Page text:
The 106th running of the Indianapolis 500 will feature a few revisions to its two-day qualification process.
Gone is the Fast 9, replaced by the Fast 12 followed by the Fast 6.
Where recent editions of Indy 500 qualifying locked the nine fastest drivers in on Saturday and carried them over to a special session on Sunday where those nine made single runs for pole position, the group has been expanded to include one more row, locking in the 12 fastest on Saturday.
In 2021, the drivers who filled positions 10 through 30 during Saturday’s qualifying session were also locked into place for the race and would not made additional runs on Sunday to try and improve their positions. That process remains unchanged, with the only change being a shift from 10-30 to 13-30 to reflect the expanded Fast 12 group.
A 90-minute practice session for all drivers is scheduled from 9-10:30 a.m. Saturday May 21, followed by open qualifying from 12-5:50 p.m. ET.
Another carryover, the LCQ — Last Chance Qualifying — session is also in place to be used if more than 33 entries are filed. If 34 or more cars attempt to qualify, the drivers who are outside the top 30 on Saturday will run in a special session on Sunday to fill the last row and bump those who are unable to crack positions 31-33.
As there are no expectations for more than 33 entries, the LCQ session is unlikely to be held, and in that scenario, Saturday’s qualifying session would lock in positions 13-33 and those entries would be done for the rest of the weekend.
Assuming there will be no need for the LCQ, two hours of LCQ practice and qualifying time will go unused on Sunday. The Fast 12 will have a 90-minute practice session from 12:30-2 p.m., followed by the Fast 12 at 4 p.m. and the run for the pole with the Fast 6 starting at 5:10 p.m.
According to IndyCar: “Starting in reverse order of speeds based on Day One, each of the top 12 drivers will have a guaranteed attempt to post a traditional four-lap qualifying time starting at 4 p.m. The fastest six will advance to the Firestone Fast Six at 5:10 p.m. to determine positions one through six and compete for the NTT P1 Award for pole.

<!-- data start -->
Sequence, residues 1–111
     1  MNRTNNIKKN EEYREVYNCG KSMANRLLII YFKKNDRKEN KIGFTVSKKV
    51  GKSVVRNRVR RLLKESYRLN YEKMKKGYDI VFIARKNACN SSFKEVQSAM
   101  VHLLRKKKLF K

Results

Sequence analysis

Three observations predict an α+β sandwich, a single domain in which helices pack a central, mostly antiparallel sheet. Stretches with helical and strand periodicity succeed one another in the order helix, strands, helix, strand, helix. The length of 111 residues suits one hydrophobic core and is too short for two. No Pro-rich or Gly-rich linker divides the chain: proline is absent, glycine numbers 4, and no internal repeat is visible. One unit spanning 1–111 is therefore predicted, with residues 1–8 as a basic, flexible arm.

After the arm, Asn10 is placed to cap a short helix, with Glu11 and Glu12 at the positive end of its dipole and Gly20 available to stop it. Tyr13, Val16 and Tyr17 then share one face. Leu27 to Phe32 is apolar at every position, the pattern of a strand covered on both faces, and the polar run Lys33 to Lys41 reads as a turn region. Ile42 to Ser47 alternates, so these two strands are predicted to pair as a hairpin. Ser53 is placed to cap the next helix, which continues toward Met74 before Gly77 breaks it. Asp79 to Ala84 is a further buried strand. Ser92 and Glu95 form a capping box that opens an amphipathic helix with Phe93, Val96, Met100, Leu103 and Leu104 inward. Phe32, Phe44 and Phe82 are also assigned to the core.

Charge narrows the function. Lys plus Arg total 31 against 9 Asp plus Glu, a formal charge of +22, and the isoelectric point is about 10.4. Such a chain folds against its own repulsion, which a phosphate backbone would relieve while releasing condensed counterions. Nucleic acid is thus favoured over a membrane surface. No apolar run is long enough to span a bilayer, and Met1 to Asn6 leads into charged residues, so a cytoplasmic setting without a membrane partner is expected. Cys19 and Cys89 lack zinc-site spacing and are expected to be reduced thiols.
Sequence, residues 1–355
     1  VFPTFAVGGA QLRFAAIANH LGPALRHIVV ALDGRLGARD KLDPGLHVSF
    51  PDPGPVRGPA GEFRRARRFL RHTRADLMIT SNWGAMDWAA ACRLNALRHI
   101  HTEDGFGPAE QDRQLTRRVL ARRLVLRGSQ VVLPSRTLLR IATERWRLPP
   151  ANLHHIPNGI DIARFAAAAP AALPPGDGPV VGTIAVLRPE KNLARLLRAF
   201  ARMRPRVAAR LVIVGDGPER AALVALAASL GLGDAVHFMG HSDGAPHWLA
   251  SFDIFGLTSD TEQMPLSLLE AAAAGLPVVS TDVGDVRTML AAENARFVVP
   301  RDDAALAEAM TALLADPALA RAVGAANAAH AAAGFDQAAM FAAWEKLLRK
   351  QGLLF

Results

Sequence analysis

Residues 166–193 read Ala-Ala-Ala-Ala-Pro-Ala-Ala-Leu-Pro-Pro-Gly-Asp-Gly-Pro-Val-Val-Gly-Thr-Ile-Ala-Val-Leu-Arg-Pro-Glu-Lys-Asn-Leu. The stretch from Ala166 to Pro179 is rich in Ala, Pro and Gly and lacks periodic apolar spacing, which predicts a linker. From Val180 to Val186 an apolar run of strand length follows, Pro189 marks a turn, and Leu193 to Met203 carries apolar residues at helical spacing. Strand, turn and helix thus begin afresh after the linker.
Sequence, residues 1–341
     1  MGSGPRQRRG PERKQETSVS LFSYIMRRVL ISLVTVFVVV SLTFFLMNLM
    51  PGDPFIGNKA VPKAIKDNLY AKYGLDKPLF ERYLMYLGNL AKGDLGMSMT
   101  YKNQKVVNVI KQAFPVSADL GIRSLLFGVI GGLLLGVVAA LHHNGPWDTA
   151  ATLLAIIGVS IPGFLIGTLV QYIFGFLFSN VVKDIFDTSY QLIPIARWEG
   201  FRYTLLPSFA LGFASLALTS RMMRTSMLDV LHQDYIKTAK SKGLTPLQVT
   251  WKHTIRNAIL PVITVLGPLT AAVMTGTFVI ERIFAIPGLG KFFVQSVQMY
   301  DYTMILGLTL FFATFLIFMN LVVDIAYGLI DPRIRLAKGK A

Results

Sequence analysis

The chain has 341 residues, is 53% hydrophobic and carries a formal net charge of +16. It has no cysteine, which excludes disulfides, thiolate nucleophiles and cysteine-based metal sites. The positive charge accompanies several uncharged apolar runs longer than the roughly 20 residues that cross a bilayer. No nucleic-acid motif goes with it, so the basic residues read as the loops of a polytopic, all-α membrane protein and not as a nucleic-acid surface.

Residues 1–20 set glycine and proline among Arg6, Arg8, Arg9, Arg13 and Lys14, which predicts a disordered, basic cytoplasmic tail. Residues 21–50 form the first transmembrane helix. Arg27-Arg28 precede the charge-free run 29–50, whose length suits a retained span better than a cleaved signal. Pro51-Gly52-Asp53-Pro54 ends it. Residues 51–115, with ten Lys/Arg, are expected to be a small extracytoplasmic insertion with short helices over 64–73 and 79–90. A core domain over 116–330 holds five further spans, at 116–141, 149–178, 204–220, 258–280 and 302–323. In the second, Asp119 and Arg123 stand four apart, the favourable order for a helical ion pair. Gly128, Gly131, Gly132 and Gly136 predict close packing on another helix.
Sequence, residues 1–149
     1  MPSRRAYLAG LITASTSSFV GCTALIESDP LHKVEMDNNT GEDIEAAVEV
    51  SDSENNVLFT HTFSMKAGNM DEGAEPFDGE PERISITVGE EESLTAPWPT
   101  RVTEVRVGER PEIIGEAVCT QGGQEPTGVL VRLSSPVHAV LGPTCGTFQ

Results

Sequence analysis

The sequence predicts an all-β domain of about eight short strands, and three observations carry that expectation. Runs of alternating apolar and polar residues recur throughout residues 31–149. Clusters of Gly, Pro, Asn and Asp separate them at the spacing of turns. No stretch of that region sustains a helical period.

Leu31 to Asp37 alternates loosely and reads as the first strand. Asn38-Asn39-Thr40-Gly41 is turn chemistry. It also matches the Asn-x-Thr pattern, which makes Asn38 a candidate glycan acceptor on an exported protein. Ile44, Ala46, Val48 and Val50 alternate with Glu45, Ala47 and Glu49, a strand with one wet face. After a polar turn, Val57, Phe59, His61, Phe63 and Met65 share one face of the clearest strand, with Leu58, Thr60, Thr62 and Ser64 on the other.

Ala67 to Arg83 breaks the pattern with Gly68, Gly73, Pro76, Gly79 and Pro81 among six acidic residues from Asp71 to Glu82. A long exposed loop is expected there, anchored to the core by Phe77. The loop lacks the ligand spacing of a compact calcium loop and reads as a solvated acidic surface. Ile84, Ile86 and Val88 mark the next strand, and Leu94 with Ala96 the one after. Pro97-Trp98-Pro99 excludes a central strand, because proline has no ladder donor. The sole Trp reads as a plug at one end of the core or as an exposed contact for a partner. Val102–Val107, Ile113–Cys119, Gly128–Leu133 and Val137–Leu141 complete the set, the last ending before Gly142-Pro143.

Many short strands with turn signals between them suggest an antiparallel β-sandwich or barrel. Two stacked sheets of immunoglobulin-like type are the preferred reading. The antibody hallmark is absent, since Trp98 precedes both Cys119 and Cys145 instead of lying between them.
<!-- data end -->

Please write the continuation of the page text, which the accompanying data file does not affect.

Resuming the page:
“The slowest six will fill out starting positions seven through 12 according to their recorded time. In the Firestone Fast Six, each entrant is again guaranteed one attempt and will qualify in reverse order based on their Top 12 qualification results. The fastest wins pole position, which includes a $100,000 prize, with the remaining five drivers filling out the remainder of the first two rows.”
IndyCar will continue the use of its slow lane/fast lane system on pit lane on Saturday, and for those who are taking part in Sunday’s qualifying activities, championship points will be offered.
“2022 NTT IndyCar Series championship points will be awarded for those who advance to the Top 12 qualifying session,” the series wrote. “The Indy 500 pole winner will receive 12 points, the second fastest will receive 11, and points awarded will decrease by one-point increments down to 12th fastest (one point).”
IndyCar president Jay Frye likes the changes his team has created.
“We have an incredibly deep field heading into this year’s Indianapolis 500,” he said. “The timing is right to implement a new and dramatic way to expand one of the most intense weekends on our calendar. Winning pole position for the ‘500’ is an incredible feat, and with this new format, it will be even more challenging.”
Qualifying weekend will be broadcast exclusively via NBC’s Peacock Premium streaming service and in audio form by the IndyCar Radio Network.